This story first appeared in the Oct. 19 issue of The Hollywood Reporter magazine.
Will there be a Taken 3? If so, producers of the smash-hit action franchise will need to pony up for star Liam Neeson in the wake of the surprise $49.5 million domestic bow by Taken 2.
No one expected a moneymaking franchise when the first Taken, about a retired CIA agent who unleashes all manner of hell to find his kidnapped daughter in France, was released in January 2009 after sitting on a shelf for nearly a year. That included filmmaker-producer Luc Besson's EuropaCorp, which produced the movie, French director Pierre Morel and Fox, which distributed the movie. After the film grossed $145 million domestically ($81.8 million internationally), Fox took a large ownership stake in the property and set about making a sequel. Besson and Robert Mark Kamen returned as writers (with Olivier Megaton replacing Morel), emphasizing the daughter role played by Maggie Grace and even bringing back Famke Janssen as Neeson's wife. The result: Taken 2's global haul reached $116.3 million by Oct. 7, and it will likely far outpace the original's global tally of $226.8 million.
But a third movie is not a slam dunk. To be sure, Fox and EuropaCorp would like another sequel, but the real question mark is Neeson. According to insiders, the CAA-repped actor was paid just $1 million for Taken, with no sequel language in the contract. After the movie hit big, Neeson suddenly found himself receiving leading-man offers. He upped his quote by starring in such action movies as The A-Team, Unknown and The Grey, so when it came time to negotiate for Taken 2, he was able to extract more than $10 million, according to a source with knowledge of the negotiations.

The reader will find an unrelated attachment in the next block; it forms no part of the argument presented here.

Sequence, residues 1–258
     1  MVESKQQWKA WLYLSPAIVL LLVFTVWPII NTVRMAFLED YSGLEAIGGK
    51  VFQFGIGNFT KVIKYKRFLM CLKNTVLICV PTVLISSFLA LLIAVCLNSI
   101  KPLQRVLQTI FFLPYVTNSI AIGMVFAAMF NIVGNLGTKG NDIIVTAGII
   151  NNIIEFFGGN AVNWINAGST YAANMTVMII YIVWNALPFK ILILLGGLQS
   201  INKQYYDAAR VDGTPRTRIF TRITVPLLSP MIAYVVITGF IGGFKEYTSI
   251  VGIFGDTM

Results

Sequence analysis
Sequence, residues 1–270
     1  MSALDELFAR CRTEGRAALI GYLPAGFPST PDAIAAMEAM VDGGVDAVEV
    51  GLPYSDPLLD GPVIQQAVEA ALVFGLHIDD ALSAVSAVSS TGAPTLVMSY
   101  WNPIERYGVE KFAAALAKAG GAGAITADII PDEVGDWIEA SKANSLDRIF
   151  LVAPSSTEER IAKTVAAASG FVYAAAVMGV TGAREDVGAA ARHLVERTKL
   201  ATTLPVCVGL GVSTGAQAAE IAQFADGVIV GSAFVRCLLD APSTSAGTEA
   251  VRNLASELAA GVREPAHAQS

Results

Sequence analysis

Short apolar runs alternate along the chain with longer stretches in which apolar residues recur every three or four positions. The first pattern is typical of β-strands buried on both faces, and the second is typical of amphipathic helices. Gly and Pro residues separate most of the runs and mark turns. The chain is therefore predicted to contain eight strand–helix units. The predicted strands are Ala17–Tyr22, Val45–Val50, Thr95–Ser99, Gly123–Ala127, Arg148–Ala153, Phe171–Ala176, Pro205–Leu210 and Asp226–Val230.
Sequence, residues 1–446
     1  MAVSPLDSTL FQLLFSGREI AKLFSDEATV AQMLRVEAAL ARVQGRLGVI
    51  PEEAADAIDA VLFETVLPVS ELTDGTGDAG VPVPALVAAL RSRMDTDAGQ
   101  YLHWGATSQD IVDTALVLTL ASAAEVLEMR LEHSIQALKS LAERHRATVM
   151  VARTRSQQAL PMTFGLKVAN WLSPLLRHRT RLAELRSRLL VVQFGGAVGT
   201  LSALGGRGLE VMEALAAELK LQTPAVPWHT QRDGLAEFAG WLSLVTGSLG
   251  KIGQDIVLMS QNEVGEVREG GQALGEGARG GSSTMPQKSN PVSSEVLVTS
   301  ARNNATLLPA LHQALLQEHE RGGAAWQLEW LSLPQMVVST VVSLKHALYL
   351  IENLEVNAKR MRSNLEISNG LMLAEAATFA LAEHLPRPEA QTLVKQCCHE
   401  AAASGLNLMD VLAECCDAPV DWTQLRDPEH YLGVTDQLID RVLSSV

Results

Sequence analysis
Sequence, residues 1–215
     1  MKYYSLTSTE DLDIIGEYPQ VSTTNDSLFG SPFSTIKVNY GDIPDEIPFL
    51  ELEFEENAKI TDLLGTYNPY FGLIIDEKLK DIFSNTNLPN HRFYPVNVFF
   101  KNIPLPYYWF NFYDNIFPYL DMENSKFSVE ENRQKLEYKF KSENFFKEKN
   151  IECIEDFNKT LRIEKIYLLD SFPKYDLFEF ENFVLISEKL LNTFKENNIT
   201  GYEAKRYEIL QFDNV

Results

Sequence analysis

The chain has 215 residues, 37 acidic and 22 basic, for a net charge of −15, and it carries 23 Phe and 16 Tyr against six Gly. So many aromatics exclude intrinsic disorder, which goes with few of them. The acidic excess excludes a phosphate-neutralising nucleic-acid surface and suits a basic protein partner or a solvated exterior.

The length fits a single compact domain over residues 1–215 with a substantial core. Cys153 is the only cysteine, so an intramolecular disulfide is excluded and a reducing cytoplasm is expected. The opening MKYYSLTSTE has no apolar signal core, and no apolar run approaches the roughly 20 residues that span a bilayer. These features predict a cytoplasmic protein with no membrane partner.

Given the muscular box office of Taken 2, agency sources think Neeson could command $20 million-plus if he wanted to reprise the role -- a mark once considered standard for big franchise roles but now reserved for the likes of Johnny Depp and Will Smith in the right projects.
Fox insiders say it is too early to talk about the possibility of a third film. And both Neeson's interest and the timing are unclear. Nearly four years passed between Taken and Taken 2, and if that timetable were repeated, then Neeson, who turned 60 in June, would be close to retirement age in Taken 3 (though senior citizen status hasn't slowed the Expendables crew). Still, some insiders believe that if a sequel were to happen, it would have to shoot in 2013.